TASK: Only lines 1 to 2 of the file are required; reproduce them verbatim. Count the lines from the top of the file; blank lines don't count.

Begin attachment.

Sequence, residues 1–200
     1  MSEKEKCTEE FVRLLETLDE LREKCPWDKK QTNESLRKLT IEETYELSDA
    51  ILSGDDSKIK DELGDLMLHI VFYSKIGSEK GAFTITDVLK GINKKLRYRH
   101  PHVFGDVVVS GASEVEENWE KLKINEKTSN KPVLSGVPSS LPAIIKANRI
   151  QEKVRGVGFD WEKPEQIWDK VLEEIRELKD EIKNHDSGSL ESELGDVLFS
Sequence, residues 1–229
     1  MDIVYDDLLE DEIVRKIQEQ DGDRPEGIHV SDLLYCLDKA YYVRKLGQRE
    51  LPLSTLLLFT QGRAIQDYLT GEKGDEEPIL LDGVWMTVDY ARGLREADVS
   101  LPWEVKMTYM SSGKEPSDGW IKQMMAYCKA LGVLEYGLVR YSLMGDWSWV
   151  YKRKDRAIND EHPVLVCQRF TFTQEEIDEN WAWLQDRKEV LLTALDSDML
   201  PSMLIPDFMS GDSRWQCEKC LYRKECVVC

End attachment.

Sequence, residues 1–200
     1  MSEKEKCTEE FVRLLETLDE LREKCPWDKK QTNESLRKLT IEETYELSDA